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S. Appukutan Vs. Thundiyil Janaki Amma & Anr [1988] INSC 9 (13 January 1988)

Natrajan, S. (J) Natrajan, S. (J) Mukharji, Sabyasachi (J)

CITATION: 1988 AIR 587 1988 SCR (2) 661 1988 SCC (2) 372 JT 1988 (1) 184 1988 SCALE (1)159

ACT:

Kerala Land Reforms Act, 1964 as amended by Act 17 of 1972-Explanation Il-A to clause (25) of Section 2 of-Scope and effect of.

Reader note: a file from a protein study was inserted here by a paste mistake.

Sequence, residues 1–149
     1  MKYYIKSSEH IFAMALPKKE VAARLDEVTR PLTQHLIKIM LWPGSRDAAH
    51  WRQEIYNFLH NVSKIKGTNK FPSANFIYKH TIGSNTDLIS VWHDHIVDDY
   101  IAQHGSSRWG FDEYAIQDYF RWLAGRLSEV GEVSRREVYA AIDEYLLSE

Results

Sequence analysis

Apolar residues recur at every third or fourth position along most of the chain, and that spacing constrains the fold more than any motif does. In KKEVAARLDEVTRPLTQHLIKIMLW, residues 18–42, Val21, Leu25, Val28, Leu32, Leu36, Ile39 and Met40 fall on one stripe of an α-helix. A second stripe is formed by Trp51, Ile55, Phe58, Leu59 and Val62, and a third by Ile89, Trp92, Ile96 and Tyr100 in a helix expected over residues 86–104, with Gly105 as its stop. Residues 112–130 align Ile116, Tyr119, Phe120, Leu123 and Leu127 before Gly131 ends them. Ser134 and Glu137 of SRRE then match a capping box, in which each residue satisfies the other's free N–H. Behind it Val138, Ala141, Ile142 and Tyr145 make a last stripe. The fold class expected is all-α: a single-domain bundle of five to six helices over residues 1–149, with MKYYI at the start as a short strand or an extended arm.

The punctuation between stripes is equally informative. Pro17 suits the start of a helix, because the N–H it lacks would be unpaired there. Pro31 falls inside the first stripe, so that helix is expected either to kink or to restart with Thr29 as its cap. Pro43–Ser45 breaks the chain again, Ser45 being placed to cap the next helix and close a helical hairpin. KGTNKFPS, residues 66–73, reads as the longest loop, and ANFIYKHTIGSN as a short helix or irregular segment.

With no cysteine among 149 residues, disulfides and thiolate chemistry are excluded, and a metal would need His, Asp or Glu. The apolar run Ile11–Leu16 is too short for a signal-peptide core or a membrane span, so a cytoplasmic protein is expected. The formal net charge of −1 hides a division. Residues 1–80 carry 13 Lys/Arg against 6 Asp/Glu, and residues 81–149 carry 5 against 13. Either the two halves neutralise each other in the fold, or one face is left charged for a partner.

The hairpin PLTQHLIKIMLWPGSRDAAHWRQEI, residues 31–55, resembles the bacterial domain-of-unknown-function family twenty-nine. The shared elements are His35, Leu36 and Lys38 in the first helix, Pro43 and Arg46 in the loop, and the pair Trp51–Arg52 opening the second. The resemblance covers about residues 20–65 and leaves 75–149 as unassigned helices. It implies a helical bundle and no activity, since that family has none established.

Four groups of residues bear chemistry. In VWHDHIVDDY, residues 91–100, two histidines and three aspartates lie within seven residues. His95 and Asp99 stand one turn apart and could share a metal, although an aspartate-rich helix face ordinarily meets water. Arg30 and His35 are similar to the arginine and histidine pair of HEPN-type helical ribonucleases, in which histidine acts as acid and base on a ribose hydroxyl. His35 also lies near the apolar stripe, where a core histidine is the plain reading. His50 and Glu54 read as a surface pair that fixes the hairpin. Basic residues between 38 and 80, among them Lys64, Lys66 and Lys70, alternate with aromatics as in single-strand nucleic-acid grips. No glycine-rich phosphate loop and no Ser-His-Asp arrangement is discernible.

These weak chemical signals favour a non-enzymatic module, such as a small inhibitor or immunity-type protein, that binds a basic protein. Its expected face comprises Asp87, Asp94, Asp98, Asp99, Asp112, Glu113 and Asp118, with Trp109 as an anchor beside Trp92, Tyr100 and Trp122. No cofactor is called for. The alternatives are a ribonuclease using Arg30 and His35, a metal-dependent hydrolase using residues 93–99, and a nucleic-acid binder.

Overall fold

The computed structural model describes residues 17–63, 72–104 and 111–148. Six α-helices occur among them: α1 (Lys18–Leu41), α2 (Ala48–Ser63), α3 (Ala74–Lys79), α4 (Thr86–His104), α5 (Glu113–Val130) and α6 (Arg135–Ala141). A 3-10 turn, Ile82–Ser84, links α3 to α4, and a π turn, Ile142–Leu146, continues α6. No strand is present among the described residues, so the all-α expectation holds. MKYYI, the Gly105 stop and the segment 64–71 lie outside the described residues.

HEAD NOTE:

% These appeals and Petitions for Special Leave raised a common question of law regarding the scope and effect of Explanation 11-A to clause (25) of section 2 of the Kerala Land Reforms Act, 1964, as amended by Act 17 of 1972. What fell for consideration was whether by reason of Explanation Il-A to section 2(25) of the Act, a person in occupation of a homestead or a hut belonging to another during the period stipulated in the Explanation would become a Kudikidappukaran and be entitled to Kudikidappu rights under the Act.

Allowing Civil Appeal No. 3045 of 1980, allowing C.A. No. 2505 of 1977 partly and dismissing the Petitions for Special leave, the Court, ^